May 7, 2020
Share your #SurvivorLoveLetters during Sexual Violence Awareness Month
Over the past month, increased attention has been paid to the risk of domestic violence caused by isolation during the COVID-19 pandemic. Earlier this week, UToday covered the complexities of this risk with several experts, shedding important light on how victims can continue to access support.
Here on campus, Carla Bertsch, UCalgary’s sexual violence support adviser, wants the UCalgary community to know that help for students, faculty and staff is still available. “Like other community agencies, we are seeing a decline in the number of folks reaching out for support. There could be a number of reasons for this. But we want to make sure the UCalgary community knows we are here to support anyone who has been impacted by sexualized violence, which includes dating or domestic violence.”
The current situation is exceptional, but Bertsch emphasises that even during normal circumstances, sexual violence is prevalent. According to a study by the Association of Alberta Sexual Assault Services, 43 to 45 per cent of Albertans have experienced some type of sexual violence in their lifetime (1.8 million in total). That’s almost one in every two.
To keep this important conversation going, May was proclaimed Sexual Violence Awareness Month in Alberta, and this year, we are proud to launch a virtual version of UCalgary’s Dear Survivor campaign in partnership with Mount Royal University and Bow Valley College.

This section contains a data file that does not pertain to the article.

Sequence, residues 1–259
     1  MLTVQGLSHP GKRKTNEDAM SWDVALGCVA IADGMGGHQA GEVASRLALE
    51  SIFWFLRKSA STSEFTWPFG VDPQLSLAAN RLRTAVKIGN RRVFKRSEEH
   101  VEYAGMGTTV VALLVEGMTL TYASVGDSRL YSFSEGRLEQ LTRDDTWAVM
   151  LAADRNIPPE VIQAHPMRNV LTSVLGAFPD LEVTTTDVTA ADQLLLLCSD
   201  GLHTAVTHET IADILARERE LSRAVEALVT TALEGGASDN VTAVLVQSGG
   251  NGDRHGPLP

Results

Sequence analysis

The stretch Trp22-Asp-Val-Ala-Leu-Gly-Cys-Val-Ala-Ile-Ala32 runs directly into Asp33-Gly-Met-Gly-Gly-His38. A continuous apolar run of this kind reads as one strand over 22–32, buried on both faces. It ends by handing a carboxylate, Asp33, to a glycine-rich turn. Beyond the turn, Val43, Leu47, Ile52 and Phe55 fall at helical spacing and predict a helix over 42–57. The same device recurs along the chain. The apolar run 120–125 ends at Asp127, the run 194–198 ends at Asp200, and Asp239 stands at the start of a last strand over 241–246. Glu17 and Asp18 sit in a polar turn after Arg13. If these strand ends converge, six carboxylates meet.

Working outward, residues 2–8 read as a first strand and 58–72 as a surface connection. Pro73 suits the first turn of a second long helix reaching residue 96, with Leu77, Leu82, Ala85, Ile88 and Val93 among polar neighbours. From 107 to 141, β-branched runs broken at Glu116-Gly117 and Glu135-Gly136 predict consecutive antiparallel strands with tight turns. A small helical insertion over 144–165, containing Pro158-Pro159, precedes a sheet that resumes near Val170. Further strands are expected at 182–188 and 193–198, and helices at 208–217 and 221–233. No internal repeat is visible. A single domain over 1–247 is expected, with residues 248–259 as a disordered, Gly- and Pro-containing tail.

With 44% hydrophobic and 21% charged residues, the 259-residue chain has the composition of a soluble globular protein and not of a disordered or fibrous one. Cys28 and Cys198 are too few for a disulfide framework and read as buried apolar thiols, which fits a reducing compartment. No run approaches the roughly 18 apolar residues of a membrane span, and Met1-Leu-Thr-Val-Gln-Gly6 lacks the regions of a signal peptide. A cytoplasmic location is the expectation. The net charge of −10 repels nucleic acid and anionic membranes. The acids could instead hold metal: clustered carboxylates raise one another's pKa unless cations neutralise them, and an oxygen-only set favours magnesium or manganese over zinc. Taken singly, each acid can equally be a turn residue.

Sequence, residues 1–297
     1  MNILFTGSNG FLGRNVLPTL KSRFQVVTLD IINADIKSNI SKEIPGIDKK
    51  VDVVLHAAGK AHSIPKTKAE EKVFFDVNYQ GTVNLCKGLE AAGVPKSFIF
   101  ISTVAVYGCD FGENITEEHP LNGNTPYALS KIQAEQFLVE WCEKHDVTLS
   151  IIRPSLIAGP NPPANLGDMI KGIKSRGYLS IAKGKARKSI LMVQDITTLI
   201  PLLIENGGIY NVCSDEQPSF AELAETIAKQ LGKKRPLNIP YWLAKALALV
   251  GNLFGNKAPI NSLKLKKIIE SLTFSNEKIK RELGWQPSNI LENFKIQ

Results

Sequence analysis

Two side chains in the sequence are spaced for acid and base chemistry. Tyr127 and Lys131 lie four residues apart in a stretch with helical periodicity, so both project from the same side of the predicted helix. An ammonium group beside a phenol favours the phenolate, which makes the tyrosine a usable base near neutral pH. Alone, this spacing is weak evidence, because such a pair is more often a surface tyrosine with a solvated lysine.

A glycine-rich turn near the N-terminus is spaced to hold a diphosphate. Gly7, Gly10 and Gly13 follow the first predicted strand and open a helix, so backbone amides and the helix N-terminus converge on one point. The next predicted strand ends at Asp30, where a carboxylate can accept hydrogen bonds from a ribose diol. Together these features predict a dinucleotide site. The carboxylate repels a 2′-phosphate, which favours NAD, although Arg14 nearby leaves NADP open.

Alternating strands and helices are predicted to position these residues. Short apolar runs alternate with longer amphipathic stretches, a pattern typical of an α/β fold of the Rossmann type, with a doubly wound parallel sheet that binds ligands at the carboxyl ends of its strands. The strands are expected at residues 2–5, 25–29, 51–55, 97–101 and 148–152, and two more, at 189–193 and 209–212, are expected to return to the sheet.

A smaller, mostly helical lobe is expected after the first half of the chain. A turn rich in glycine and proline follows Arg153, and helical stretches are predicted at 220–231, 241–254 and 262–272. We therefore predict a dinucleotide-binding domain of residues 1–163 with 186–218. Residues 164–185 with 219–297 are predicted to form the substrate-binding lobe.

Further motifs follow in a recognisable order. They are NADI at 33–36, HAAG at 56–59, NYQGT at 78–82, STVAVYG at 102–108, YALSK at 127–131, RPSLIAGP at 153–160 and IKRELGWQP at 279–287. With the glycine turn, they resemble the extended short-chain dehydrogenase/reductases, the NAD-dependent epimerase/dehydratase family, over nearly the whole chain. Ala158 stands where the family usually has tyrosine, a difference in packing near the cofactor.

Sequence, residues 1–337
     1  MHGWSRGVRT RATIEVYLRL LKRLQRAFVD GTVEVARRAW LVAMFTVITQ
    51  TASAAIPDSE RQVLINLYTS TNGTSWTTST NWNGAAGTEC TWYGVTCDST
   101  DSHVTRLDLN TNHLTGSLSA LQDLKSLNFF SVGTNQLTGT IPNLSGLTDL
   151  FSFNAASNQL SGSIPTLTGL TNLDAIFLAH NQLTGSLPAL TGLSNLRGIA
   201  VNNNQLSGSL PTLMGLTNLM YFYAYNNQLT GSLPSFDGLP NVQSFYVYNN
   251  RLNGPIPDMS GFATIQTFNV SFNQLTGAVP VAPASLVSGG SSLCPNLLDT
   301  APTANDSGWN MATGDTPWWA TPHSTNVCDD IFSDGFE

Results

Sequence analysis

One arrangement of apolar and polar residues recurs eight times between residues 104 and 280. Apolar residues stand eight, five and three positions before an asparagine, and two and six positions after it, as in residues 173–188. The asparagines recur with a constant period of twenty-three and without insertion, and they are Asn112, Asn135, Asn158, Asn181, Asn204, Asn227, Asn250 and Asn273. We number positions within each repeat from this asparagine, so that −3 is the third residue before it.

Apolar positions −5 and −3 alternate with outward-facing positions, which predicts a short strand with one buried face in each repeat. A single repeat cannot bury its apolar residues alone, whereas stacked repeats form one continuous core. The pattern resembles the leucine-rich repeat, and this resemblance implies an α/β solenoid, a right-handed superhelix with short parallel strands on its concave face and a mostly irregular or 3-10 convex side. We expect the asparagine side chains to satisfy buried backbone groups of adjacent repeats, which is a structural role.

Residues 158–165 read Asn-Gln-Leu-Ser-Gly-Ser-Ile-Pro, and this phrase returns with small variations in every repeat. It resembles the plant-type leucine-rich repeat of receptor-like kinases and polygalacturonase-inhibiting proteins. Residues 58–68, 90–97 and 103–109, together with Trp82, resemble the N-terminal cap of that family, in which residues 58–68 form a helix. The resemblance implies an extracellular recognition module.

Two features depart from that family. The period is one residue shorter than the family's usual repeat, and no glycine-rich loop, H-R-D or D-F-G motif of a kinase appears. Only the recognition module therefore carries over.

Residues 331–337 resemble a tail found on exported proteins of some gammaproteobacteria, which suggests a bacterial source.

The Dear Survivor campaign was inspired by filmmaker and activist Tani Ikeda. As a survivor of sexual violence, Ikeda imagined what it would be like to wake up one day and see supportive messages instead of being treated like a statistic. On the anniversary of her sexual assault in 2012, she took the idea to social media, encouraging survivors and allies alike to share uplifting messages through the hashtag #SurvivorLoveLetter.
For a second year, UCalgary’s Dear Survivor campaign aims to honour the lives and experiences of survivors in our communities. “This campaign allows us to reach out to survivors or anyone impacted by sexualized violence and share a note or letter that offers support, hope, encouragement, and love,” says Bertsch. “Often people who have been impacted by sexual or gender-based violence are met with misbelief or blamed somehow for contributing to the violence. This is an opportunity to flip the script and let survivors know that we believe and stand with them.”
To share your message of hope and courage for survivors, simply write your message on the Sexual Violence Support website. A selection of messages will be curated in the coming weeks and shared over the UCalgary social media channels at the end of the month.
If you think you have experienced sexual violence, or know someone who has, visit the Sexual Violence Support website for campus and community resources. You can also arrange a confidential consultation with the university’s sexual violence support advocates, by confidential email.